In making the ruling, the court concluded the state’s medical pot law covers products made with resin extracted from pot plants.
The unanimous ruling Tuesday reversed a lower-court decision that found patients faced arrest for hashish possession because the drug isn’t mentioned or included by name in the law.
The state Supreme Court said Arizona’s 2010 voter-approved medical marijuana law includes dried cannabis flowers and resin extracted from pot plants. The ruling points out that, under the law, marijuana means “all parts of any plant of the genus cannabis whether growing or not.”
“It is implausible that voters intended to allow patients with these conditions to use marijuana only if they could consume it in dried-leaf/flower form,” the Supreme Court wrote. “Such an interpretation would preclude the use of marijuana as an option for those for whom smoking or consuming those parts of the marijuana plants would be ineffective or impossible.”
The court said its interpretation lets medical marijuana patients use the drug to treat debilitating medical conditions in whatever form best suits them.
The case centers on the 2013 arrest of medical marijuana card holder Rodney Jones at a Prescott hotel on charges of possession of cannabis and drug paraphernalia. Police say Jones had 0.05 ounces of hashish in a jar. He was convicted and later sentenced to two years in prison.
Prosecutors had argued the state’s medical marijuana law didn’t apply to pot extracts. Attorneys for Jones countered that his medical marijuana card provided him a defense because hashish, as a preparation of dried marijuana flower, was covered by the medical pot law.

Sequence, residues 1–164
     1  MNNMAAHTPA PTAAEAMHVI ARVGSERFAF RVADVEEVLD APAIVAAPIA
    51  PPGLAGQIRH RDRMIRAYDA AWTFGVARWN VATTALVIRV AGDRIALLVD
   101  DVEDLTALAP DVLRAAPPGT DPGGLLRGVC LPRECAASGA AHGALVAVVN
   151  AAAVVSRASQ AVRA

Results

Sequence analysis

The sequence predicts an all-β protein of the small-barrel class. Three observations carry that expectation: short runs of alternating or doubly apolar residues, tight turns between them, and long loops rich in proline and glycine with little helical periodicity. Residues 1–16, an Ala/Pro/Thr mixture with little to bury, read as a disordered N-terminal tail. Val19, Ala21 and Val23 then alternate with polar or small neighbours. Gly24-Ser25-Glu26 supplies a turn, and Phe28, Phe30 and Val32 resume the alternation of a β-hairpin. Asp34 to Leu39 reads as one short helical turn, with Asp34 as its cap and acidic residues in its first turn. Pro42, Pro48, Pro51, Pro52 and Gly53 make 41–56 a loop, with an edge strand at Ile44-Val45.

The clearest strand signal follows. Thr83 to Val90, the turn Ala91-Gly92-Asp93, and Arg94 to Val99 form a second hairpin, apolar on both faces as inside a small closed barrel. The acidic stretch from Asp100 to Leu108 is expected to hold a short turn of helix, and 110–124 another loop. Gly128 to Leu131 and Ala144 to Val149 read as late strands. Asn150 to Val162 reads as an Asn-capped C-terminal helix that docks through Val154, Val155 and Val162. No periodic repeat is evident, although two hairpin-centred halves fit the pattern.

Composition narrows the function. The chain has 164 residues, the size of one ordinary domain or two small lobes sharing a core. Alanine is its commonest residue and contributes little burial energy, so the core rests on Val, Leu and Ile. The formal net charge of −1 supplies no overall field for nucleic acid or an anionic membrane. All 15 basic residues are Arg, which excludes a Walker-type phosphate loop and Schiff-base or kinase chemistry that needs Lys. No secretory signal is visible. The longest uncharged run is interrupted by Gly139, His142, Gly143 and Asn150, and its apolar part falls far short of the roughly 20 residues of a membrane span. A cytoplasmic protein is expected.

In a ruling last summer in Jones’ case, the Arizona Court of Appeals said the medical marijuana law “is silent” on hashish and that if voters wanted to protect patients who use hashish from prosecution, they should have written the law that way.
The Supreme Court threw out Jones’ conviction and sentence.
A medical marijuana cardholder is allowed to possess 2.5 ounces of marijuana.
The Supreme Court said it wasn’t offering an opinion on how much resin may be extracted from 2.5 ounces of dried pot flowers.
Jones was prosecuted by the office of Yavapai County Attorney Sheila Polk, who led an effort to defeat legalization of recreational marijuana in 2016.
Polk likened the court’s conclusion Tuesday to finding that explosives produced from fertilizer are protected by laws allowing the sale of farm products.
“Sadly, the Supreme Court rejected the Arizona appeals court’s common-sense reasoning and its sound conclusion that hashish is a form of cannabis, which state law defines as distinct from the dried marijuana leaves,” Polk said.
Robert Mandel, one of the attorneys representing Jones, said Polk’s office tried to impose limits on the medical marijuana law where none existed and, in the process, ended up causing his client to be imprisoned.
“He served time he will never be able to get back,” Mandel said.
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